Antoinette E.D. Awaga, GFATM Program management Unit Coordinator, Togo
After 10 years of existence, the GFATM appointed a new director, Dr Dybul, and approved a new funding model (NFM) at the 28th Board of Directors held on 14 and 15 November2012 inGeneva,Switzerland. The first business model with round calls for proposals and two phases had shown its limits in recent years. Enter the new funding model. The NFM will remain demand driven but allows for more flexible processes. It will also provide – in a more effective way – strategic direction to the Fund’s portfolio and increase the ability of the Fund to support national robust programs with a focus on countries with the highest needs and the least ability to pay, while remaining global. The length of each allocation period will be three years, and this will be aligned with the Fund’s three year replenishment cycle. At the beginning of an allocation period, the Fund will determine how much funding is available for the entire period. Applicants may apply for this funding at any time during the period. The length of a grant under the new model will be three years with some flexibility to shorten or extend the length. Countries will be assigned to one of the four bands on the basis of their ability to pay and disease burden. Ability to pay will be measured by gross national income per capita.
An adjustment may be required for bands that contain countries receiving substantial support from other major donors. The funding is split between indicative and incentive funding according to the availability of funds and the quality of the demand. As already mentioned, the allocation to country bands will be determined by the Fund based on the ability to pay and disease burden, but adjustments will be made for qualitative factors such as (a) major sources of external funding, (b) minimum required levels, (c) willingness to pay, (d) past performance and absorptive capacity, (e) risk and (f) increasing rates of new infections in lower prevalence countries.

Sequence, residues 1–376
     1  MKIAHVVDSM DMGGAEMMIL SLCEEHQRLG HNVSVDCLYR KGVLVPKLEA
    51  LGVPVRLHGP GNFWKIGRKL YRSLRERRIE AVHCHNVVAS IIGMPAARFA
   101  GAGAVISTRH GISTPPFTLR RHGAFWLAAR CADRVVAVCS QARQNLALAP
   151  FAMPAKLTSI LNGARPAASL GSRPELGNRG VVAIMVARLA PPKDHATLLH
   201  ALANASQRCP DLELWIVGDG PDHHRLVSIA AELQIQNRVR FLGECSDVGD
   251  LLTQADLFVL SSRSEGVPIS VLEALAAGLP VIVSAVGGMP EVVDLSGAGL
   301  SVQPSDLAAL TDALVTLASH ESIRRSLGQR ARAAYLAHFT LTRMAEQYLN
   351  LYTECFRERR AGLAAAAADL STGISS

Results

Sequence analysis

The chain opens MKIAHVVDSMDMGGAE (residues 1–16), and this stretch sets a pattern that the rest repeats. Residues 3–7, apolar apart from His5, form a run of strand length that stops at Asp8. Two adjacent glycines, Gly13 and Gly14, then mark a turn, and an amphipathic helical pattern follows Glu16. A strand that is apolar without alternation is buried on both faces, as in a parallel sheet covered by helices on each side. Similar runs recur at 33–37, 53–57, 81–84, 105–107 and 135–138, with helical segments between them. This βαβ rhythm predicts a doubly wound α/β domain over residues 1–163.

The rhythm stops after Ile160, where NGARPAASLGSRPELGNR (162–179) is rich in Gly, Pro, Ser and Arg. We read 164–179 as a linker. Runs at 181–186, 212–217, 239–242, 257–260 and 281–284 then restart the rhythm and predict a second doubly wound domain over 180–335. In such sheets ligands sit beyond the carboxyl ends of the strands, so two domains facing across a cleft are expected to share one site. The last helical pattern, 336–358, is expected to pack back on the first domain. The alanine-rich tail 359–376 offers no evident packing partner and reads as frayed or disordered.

The big question is whether African countries are ready for the new funding model. This new model will help to strengthen health systems (HSS) and improve the performance of our health systems instead of a merely vertical fight of the three diseases.
The role of technical partners and communities is essential in this new model whereby the fight against AIDS, tuberculosis and malaria can be an opportunity for strengthening – underfunded – health systems. Our expectation is that the new Executive Director, Dr Mark Dybul, will take into account HSS and promote more flexibility during the grant negotiations. HSS must be a part of the future grants.
There is a need for the implementing countries to develop robust health programs, including HSS based on the functions that affect health system performance. The Fund must encourage sub-Saharan African governments to honor theAbujacommitment of allocating at least 15% of their national budgets to health. Populations may then well see their health care “out-of pocket” costs reduced!
Full success to the new funding model and the new director of GFATM!